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Misdiagnosing knife crime: the ‘epidemic’

Article by: Jake Tacchi

Knife crime as a public health issue?

Throughout the past decade, the UK has been experiencing repeated outbreaks of a social disease that now regularly features in the country’s news cycle. Though hitting a historic low point in 2014, the past couple of years have witnessed the UK's knife-crime crisis to spread beyond the usual epicentre: London.

This has led to many labelling knife violence an ‘epidemic’. The overuse of ‘epidemic’, alongside phrases like ‘war on our streets’ and ‘child soldiers’ reflects an age-old willingness to draw on a hyperbolic, apocalyptic repertoire: Words associated with famine, war, conquest, and death seem to sell newspapers best. Although seemingly trivial, the overuse of these terms like ‘epidemic’ is deeply problematic, namely in the clear semantic links it creates between violence, and disease. This link is also permeating policymaking, where a shift toward this language is becoming increasingly popular.

The successes of the 'Cure Violence Model'

On the upside, people at the forefront of violence prevention policies, often times medical professionals, have been catapulted to roles spearheading violence prevention policies. An example is Gary Slutkin who, following decades of experience working with disease outbreaks, focused his attention on the gun violence spreading in his hometown of Chicago. Slutkin is compares Chicago’s gun violence with the outbreaks of infectious diseases he has experienced first-hand. The Cure Violence model he developed is based on methods used to prevent AIDS, cholera and tuberculosis, and sees interpersonal violence very much like a disease. As such, responses look to reduce ‘transmission’ and change community norms, by using ‘violence interrupters’ to cool and mediate conflicts, alongside community education and organisation. This approach has proved to be a policy maker's dream. In all the communities using the Cure Violence approach, a 41-73% fall in shootings has been recorded. Slutkin’s model clearly makes a difference; and, importantly for policy makers, that difference is immediate and tangible.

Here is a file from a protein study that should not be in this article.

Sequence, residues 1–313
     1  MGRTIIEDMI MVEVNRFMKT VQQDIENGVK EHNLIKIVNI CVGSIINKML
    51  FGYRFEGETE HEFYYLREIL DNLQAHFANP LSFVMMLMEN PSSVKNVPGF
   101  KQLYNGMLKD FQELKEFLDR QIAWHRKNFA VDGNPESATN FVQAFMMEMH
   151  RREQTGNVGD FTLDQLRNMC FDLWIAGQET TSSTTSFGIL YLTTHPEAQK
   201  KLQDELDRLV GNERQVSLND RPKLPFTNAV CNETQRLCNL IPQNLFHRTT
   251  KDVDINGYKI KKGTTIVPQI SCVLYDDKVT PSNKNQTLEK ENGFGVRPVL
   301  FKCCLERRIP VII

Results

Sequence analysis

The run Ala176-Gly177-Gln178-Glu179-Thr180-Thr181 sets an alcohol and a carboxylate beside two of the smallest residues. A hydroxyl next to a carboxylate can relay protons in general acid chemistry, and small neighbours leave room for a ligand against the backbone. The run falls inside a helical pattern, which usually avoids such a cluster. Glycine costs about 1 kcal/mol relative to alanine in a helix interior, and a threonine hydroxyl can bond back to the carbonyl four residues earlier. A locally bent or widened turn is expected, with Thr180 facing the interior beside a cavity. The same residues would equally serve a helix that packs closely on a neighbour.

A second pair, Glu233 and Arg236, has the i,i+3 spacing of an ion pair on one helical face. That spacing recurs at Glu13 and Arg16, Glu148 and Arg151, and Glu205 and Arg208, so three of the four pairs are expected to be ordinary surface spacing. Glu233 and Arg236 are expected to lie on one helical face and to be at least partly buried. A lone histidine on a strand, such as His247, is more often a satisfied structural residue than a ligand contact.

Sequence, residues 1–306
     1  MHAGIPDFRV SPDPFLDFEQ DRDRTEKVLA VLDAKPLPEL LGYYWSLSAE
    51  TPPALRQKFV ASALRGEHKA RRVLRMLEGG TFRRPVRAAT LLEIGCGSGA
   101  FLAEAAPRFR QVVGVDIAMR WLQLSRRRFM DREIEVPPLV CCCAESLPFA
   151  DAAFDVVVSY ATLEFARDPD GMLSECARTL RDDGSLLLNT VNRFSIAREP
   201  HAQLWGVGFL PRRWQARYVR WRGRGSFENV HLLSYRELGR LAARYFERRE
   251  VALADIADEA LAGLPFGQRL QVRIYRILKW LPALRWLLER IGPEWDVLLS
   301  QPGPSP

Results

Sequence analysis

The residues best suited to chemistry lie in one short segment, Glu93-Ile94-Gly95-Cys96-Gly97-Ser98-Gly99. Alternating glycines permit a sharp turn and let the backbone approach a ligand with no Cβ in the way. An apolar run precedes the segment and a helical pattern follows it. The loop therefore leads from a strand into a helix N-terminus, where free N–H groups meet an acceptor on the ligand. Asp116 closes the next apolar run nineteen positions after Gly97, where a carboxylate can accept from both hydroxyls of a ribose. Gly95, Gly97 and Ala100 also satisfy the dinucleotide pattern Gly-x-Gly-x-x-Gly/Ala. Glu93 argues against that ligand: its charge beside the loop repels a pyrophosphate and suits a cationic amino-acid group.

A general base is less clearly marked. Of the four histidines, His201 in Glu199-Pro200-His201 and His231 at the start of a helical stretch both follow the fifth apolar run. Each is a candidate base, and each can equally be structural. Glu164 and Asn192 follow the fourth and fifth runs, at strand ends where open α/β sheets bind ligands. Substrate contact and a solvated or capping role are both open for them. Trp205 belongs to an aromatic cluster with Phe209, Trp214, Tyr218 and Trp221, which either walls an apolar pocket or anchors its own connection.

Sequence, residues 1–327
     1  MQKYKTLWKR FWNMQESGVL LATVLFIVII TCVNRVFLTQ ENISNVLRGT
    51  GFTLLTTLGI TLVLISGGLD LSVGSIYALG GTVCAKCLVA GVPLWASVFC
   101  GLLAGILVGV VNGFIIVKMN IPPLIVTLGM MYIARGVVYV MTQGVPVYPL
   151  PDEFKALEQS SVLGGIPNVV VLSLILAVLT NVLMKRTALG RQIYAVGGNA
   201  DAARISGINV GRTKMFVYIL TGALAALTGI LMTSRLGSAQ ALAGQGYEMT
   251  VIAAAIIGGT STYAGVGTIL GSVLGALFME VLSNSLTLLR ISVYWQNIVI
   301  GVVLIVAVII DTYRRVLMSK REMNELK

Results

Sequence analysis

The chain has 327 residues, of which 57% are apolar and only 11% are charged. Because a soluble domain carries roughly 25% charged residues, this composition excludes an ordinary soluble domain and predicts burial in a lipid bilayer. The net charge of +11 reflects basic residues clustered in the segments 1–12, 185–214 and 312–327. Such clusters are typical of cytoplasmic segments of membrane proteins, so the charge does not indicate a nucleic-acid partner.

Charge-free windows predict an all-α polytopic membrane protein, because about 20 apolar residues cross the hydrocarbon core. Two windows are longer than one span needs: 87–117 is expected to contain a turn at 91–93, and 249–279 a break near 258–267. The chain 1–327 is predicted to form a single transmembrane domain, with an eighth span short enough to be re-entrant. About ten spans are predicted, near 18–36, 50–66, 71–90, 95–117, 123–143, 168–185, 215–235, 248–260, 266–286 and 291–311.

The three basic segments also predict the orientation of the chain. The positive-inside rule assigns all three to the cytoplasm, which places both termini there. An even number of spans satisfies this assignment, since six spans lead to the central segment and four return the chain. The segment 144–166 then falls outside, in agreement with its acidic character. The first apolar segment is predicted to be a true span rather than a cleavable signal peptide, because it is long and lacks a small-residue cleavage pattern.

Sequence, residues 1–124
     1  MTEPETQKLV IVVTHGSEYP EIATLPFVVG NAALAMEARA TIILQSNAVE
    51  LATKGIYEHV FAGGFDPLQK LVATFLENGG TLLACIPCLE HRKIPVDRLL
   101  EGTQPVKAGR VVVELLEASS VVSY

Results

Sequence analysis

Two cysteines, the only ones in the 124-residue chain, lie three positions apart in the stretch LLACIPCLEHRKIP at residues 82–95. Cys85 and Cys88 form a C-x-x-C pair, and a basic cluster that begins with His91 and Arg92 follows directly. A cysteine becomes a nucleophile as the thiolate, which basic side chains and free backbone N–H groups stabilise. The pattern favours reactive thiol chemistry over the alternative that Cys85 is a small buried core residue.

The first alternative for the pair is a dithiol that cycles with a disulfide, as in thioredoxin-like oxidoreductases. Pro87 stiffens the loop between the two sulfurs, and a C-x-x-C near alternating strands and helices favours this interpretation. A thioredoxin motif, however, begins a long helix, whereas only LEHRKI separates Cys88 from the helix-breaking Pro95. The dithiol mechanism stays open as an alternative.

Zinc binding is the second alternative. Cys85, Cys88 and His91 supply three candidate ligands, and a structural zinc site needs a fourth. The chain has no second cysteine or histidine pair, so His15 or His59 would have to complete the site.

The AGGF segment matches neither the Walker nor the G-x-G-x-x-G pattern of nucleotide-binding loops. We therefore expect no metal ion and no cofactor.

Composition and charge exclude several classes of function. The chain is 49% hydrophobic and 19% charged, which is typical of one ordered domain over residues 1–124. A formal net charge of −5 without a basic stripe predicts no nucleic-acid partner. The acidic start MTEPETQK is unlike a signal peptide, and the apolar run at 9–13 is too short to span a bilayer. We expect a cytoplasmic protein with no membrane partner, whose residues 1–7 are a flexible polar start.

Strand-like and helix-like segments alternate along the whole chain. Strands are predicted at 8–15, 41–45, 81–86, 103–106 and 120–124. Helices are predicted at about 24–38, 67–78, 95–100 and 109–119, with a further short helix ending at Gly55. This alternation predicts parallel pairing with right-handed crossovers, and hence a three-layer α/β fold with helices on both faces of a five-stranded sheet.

Glasgow's Violence Reduction Unit

A similar approach was also adopted in Glasgow, which, in 2005, held the title of Europe’s most violent city, but has since seen a drastic reduction in the levels of interpersonal violence and, in particular, knife crime. Some have argued the main reason for this has been the work of Karen McCluskey and the Violence Reduction Unit (VRU) she spearheaded. McCluskey sees violence ‘like an infectious disease’ which you can ‘catch’ and looks to include public health-style approaches amongst the work of the VRU. McCluskey’s success and growing profile has led her to urge London to also treat knife crime as a ‘disease’. Her calls have been answered. At the end of September 2018, London’s mayor Sadiq Khan announced plans to establish a Violence Reduction Unit, drawing on ‘Glasgow’s success’.

The Other Side of the Story